FIG. 1 is a diagrammatic illustration of a prior art packet structure constructed according to the North American Basic Teletext Specification (NABTS) standard.

FIG. 2 is a diagrammatic illustration of a broadcast transmission system.

FIG. 3 is a flow diagram of a method for sending network data over the broadcast transmission system.

FIG. 4 is a diagrammatic illustration of a data transmission structure used to carry network data in a VBI-compatible packet according to a first implementation.

FIG. 5 is a diagrammatic illustration of a data transmission structure used to carry network data in a VBI-compatible packet according to a second implementation.

FIG. 6 is a block diagram of a receiving and decoding unit.

DETAILED DESCRIPTION OF THE PREFERRED EMBODIMENT

The following discussion assumes that the reader is familiar with the standard format for sending data as part of the VBI lines as specified in the NABTS specification (Electronic Industries Association document EIA-516 (May, 1988): "Joint EIA/CVCC Recommended Practice for Teletext: North American Basic Teletext Specification (NABTS)"). The NABTS specification is hereby incorporated by reference.

FIG. 2 shows a broadcast transmission system 30 for delivering video signals from a content provider 32 (e.g., cable headend, television broadcast station, etc.) to multiple receivers 34, 36. For purpose of this discussion, the broadcast transmission system 30 is described in the context of a traditional broadcast television system which transmits television signals to many residences.

The video signals, such as traditional television signals, are distributed over a broadcast distribution network. Two example networks are shown in FIG. 2: a traditional analog VHF or UHF broadcast network 38 and a cable network 40. The VHF/UHF broadcast network 38 includes a wireless transmitter 42, in the form of a television tower located at the content provider 32, which transmits the television signals 44. A receiver 46, in the form of an antenna located individual residences, receives the television signals 44.

The cable network 40 includes a cable transmitter 48 located at the content provider 32. The cable transmitter 48 sends signals over a cable distribution structure 50 (e.g., fiber optic cable, coaxial cable, twisted pair, etc.) to a cable receiver 50 located at the individual residences. In FIG. 2, the receiver 52 is depicted as a set-top box.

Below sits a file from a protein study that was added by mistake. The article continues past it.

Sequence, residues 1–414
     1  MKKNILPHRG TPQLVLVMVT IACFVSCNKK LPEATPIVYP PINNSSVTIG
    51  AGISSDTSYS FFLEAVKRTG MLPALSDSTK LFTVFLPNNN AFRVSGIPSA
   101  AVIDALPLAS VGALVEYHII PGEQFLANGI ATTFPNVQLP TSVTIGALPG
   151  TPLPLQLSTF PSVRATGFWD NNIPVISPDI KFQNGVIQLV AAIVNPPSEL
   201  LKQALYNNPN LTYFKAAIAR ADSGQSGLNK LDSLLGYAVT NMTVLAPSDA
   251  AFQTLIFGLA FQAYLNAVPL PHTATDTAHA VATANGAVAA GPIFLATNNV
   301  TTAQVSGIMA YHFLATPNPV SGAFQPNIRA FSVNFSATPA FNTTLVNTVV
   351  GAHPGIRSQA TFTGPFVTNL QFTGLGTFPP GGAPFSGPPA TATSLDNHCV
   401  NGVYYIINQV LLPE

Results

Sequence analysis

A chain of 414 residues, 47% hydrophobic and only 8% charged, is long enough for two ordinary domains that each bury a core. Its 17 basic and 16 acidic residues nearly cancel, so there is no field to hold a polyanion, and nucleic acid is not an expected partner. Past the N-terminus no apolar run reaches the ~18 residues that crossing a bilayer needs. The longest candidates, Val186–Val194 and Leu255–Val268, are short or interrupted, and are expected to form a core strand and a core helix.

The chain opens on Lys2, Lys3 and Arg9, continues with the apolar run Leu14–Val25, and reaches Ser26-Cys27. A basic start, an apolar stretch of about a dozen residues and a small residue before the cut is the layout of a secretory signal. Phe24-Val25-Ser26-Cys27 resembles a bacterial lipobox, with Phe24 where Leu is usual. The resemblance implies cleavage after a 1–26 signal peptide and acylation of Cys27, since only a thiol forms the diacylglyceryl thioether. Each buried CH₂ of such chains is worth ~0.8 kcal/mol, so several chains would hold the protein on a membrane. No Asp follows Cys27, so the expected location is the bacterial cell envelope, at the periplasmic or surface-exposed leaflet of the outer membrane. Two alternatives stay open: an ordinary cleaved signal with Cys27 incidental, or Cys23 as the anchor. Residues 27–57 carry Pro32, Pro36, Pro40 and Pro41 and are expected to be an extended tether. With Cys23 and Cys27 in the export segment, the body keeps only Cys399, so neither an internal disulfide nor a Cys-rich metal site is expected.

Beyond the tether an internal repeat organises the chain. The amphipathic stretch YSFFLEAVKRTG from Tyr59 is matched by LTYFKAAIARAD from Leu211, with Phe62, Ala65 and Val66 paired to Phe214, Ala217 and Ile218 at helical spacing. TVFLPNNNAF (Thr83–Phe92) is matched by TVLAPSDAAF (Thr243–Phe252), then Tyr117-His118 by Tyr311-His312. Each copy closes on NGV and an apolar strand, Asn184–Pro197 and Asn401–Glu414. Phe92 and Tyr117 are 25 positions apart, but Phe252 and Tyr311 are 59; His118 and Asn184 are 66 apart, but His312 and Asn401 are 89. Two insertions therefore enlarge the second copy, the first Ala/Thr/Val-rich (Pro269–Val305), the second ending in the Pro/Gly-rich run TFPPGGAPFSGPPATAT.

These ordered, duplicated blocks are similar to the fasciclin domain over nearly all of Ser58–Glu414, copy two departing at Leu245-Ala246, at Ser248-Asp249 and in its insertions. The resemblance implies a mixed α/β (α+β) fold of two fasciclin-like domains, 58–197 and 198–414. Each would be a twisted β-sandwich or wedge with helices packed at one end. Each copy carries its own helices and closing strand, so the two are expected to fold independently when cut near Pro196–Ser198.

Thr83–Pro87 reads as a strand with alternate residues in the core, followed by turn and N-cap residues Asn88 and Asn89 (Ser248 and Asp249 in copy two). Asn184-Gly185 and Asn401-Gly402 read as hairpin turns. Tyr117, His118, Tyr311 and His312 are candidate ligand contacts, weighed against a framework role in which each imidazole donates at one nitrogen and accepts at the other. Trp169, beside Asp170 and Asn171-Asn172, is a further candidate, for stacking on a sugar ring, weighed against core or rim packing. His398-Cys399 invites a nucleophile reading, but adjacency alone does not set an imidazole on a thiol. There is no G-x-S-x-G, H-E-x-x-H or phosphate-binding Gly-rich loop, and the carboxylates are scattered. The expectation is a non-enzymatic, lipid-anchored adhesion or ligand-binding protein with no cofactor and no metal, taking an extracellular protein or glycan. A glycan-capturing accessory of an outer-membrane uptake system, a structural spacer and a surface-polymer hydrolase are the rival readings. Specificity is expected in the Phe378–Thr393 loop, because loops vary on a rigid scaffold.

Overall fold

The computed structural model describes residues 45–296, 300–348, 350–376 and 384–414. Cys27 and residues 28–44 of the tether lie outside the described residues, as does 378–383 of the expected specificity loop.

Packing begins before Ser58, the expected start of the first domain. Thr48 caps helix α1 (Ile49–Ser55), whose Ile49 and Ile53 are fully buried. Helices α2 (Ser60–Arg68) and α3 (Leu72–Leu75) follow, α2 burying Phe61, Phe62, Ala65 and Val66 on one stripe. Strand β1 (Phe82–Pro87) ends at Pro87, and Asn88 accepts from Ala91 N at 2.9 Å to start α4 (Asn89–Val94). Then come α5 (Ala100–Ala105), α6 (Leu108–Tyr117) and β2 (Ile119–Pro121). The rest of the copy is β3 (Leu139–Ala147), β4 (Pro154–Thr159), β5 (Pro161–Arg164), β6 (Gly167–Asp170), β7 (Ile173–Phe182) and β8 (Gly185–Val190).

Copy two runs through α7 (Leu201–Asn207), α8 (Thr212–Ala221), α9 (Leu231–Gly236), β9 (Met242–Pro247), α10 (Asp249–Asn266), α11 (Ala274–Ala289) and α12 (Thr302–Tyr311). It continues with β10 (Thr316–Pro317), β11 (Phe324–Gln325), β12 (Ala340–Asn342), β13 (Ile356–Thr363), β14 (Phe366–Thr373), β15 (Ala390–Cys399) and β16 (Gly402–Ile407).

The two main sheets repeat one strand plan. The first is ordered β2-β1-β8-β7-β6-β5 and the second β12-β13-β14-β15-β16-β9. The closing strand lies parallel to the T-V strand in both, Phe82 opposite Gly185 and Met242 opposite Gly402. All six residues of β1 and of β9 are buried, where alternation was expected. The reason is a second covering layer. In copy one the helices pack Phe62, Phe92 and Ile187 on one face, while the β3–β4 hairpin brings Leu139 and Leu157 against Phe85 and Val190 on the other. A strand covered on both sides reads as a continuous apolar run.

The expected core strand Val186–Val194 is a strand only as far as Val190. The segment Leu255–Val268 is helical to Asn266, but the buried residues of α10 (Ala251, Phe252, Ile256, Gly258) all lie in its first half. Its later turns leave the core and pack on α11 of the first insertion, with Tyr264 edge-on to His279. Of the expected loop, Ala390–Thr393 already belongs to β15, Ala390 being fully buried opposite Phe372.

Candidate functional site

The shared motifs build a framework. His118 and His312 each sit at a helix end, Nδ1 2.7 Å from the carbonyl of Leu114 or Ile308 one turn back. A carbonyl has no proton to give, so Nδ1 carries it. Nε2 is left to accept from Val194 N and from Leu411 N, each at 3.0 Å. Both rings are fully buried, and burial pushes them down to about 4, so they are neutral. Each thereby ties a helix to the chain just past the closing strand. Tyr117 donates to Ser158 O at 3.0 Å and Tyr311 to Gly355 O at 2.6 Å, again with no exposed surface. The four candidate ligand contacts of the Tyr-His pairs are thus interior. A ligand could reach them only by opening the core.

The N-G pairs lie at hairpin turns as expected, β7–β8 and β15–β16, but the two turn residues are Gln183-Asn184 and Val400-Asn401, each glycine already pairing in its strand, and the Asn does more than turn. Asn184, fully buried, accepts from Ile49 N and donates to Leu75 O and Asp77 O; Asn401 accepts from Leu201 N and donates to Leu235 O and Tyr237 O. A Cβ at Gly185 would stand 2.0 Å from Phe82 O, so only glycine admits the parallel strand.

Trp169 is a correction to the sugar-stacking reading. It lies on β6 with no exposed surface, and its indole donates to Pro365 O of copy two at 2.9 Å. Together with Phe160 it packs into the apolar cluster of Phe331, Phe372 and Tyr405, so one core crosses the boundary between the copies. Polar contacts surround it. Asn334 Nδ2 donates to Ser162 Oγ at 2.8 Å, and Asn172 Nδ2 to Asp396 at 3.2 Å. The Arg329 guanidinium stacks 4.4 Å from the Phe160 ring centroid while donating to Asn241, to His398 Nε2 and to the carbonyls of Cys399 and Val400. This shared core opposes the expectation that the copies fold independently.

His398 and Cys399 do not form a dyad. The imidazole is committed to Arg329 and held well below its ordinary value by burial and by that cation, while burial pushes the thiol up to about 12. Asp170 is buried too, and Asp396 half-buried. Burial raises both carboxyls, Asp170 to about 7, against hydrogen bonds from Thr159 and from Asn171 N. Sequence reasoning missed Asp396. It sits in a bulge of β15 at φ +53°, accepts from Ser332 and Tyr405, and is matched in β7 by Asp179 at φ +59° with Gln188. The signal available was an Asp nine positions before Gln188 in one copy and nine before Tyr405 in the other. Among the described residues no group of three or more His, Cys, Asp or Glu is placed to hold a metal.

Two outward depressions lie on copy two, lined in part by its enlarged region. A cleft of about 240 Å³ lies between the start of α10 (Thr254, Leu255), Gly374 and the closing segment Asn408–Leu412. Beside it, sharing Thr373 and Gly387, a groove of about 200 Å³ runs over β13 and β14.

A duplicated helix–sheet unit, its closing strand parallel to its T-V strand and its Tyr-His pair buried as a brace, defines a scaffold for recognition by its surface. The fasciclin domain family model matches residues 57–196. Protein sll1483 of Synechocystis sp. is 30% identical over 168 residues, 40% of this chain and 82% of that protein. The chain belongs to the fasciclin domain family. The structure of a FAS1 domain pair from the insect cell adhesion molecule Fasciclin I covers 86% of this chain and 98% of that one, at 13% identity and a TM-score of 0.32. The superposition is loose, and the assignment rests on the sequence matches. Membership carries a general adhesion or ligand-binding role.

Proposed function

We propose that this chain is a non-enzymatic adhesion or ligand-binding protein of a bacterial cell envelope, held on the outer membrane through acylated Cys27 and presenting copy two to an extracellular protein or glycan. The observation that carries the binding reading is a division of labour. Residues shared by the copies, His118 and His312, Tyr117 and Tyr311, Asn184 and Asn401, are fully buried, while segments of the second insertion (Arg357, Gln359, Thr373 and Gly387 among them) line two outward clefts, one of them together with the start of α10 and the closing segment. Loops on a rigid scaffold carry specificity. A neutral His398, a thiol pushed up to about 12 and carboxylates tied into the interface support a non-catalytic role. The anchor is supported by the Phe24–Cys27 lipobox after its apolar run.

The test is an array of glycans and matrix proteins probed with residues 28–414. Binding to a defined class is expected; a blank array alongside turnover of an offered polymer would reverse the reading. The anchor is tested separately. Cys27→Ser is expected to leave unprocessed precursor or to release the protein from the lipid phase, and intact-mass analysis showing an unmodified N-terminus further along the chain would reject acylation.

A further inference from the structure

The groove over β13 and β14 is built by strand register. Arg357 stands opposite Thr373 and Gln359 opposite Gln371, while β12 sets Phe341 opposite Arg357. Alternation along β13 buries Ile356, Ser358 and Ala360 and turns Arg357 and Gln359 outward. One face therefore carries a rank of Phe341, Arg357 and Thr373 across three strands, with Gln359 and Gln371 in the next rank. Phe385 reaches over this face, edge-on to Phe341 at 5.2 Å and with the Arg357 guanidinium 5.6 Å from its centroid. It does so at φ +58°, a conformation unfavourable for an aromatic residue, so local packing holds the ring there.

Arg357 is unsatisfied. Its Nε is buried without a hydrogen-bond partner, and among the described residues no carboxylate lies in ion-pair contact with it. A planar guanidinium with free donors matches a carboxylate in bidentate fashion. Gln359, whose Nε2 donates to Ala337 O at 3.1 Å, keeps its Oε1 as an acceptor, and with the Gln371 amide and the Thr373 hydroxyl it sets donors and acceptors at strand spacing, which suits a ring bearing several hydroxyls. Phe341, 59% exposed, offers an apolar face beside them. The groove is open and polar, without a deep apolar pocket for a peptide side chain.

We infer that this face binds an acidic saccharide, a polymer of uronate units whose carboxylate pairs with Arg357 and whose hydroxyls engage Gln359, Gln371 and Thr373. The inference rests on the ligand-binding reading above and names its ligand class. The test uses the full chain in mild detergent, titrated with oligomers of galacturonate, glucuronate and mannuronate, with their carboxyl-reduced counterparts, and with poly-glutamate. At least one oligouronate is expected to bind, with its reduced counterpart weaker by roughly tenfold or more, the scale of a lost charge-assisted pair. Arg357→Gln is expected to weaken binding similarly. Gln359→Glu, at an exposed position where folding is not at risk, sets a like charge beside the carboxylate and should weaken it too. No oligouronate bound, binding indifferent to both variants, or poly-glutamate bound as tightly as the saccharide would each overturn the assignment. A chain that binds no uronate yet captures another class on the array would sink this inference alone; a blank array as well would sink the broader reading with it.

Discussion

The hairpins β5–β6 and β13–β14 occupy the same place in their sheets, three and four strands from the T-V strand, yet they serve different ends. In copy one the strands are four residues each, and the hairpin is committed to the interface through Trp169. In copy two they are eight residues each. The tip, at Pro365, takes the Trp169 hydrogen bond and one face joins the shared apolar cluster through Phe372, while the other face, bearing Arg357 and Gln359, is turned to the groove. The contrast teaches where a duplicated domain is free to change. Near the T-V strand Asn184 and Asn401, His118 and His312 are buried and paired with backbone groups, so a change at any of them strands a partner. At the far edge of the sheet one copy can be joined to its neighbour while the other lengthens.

It is noted that other network implementations may be used, such as satellite communications, RF communication, or a combination of wireless and wire-based technologies.

In the illustrated implementation, two different kinds of display units are shown for example purposes. At residence 34, the display unit is embodied as a broadcast enabled personal computer 60, or simply "broadcast PC." The broadcast PC 60 has a large VGA monitor 62, a processing unit 64, and input devices in the form of remote keyboard 66 and remote control handset 68. The remote keyboard 66 and handset 68 are remotely coupled to the processing unit 64 via a wireless data link, such as infrared (IR) or radio (RF). Other types of input devices (e.g., mouse, track ball, stylus, etc.) can be used instead of, or in addition to, the keyboard and handset.

At residence 36, the display unit is embodied as a set-top box 70 coupled to a conventional television 72. A remote control handset 74 is used to remotely control the set-top box and television via a wireless data link. In another embodiment, the functionality in the set-top box 70 can be incorporated into the television 72.

Content provider 32 is configured to originate the broadcast video signals as separate frames containing image data and VBI data. The content provider 32 has an NABTS encoder 80 which encodes VBI data in the conventional 33-byte VBI-compatible data packets described in the Background of the Invention section with respect to FIG. 1.